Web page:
the critic says the word) Affirming the negative ideas – even through reading the friend’s mind – is done by the pathological critic. A low self esteemed person often count the times of her/his failure. It is the pathological critic which drags you over and over again through the painful scenes. The incidents where one felt hurt, rejection, sadness and embarrassment may come as train of thoughts in to the mind of the person. The ones with low self esteem depend on the critic to help them cope with feelings. Though there is a temporary relief of our not-o.k. feelings through positive reinforcement, the critic further undermines ones sense worth. (Mc Kay & Fanning, 1987)

CHAPTER 2

PERSON WITH A LOW SELF ESTEEM
2.1 Seven Major Sign Posts of Low Self Esteem
For raising the self esteem, it is necessary to throw away the old warped mirrors, old tapes, and programming. This will help the formees to learn accurately and perceive accurately their balance of strength and weaknesses. This chapter deals with a clear and accurate self-description. There are different ways of assessment in the field of psychology which may not be always reliable. The physical assessment is preferred to them since there is also the active participation of the formees. The major signs that one can identify in them are: blaming, sensitive to criticism, inappropriate response to flattery, cynicism, seclusion and timidity, feeling of persecution and competition. It goes on and on as a vicious circle in the low esteemed persons.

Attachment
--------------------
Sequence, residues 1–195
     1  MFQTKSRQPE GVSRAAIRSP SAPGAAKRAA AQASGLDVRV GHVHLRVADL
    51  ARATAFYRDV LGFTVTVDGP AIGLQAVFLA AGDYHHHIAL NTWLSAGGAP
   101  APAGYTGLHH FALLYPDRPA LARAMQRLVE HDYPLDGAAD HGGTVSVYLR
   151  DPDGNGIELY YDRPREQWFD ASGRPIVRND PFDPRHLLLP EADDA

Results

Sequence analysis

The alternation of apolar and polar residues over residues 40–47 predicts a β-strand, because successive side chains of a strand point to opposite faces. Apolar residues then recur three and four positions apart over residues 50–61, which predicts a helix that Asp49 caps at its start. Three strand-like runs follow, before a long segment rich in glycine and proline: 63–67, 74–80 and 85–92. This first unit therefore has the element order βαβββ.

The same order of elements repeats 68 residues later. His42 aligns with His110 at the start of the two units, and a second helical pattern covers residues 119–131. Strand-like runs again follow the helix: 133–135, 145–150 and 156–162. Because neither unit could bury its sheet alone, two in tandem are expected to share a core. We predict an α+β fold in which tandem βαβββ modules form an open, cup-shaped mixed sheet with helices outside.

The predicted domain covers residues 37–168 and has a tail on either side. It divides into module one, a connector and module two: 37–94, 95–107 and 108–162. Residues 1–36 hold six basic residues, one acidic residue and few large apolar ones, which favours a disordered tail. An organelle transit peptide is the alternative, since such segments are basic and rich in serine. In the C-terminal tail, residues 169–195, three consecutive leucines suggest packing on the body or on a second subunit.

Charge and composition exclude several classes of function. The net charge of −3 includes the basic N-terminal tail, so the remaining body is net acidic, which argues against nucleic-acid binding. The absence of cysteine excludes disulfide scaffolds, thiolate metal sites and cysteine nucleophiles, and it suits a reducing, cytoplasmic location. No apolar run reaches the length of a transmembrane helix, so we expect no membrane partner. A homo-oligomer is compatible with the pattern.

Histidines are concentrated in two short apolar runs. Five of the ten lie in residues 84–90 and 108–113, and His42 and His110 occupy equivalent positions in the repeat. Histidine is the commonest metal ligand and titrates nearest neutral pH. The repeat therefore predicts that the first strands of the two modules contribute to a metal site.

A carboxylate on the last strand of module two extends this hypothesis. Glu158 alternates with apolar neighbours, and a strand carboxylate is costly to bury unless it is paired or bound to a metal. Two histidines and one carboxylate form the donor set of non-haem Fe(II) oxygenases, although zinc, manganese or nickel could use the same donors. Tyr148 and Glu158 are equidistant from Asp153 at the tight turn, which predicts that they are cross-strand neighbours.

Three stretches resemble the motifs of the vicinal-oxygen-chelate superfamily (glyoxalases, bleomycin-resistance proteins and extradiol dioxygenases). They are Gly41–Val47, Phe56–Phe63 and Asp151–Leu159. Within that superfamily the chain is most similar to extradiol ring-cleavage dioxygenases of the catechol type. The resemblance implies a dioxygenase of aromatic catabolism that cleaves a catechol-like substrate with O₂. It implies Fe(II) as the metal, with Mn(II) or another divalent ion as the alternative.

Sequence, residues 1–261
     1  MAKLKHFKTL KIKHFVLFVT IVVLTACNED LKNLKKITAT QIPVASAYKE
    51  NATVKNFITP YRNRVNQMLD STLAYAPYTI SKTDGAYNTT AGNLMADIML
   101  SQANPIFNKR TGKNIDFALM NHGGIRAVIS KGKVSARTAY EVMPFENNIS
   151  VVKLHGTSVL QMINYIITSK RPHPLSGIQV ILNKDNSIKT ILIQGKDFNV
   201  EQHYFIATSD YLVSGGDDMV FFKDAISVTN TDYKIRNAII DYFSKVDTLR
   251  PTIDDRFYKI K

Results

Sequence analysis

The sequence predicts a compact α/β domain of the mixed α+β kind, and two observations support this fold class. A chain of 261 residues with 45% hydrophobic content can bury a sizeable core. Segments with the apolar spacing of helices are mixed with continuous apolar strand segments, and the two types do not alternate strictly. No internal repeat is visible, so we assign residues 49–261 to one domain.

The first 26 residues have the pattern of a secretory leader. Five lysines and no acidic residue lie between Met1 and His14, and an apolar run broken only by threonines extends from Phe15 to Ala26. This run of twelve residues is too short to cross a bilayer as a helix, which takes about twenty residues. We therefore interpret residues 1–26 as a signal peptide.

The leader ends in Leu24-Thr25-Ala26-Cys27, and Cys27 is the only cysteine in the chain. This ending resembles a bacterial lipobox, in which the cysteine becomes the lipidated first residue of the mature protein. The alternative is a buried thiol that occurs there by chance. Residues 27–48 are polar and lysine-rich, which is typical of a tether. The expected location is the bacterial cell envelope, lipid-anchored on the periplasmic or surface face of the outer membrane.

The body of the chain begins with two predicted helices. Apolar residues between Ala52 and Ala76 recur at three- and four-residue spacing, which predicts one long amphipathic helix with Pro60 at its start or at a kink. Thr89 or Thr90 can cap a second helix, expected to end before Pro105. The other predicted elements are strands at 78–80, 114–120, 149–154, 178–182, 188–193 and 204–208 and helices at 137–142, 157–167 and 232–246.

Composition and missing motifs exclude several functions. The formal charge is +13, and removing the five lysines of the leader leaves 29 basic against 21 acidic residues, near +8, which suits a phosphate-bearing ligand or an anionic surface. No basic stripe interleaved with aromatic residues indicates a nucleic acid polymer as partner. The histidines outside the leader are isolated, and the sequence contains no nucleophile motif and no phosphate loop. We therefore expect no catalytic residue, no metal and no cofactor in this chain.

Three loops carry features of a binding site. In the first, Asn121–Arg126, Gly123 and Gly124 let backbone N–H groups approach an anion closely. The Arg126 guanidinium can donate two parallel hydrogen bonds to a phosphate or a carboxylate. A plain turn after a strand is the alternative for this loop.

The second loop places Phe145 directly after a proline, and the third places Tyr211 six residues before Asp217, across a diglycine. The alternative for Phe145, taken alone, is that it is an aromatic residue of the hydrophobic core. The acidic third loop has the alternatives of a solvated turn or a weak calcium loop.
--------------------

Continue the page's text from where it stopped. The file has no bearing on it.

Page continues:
Seclusion and Timidity Inappropriate Response to Flattery Feeling of Persecution Sensitive to Criticism Competition

Blaming Cynicis m

Sensitive to Criticism

2.2 Sense of Self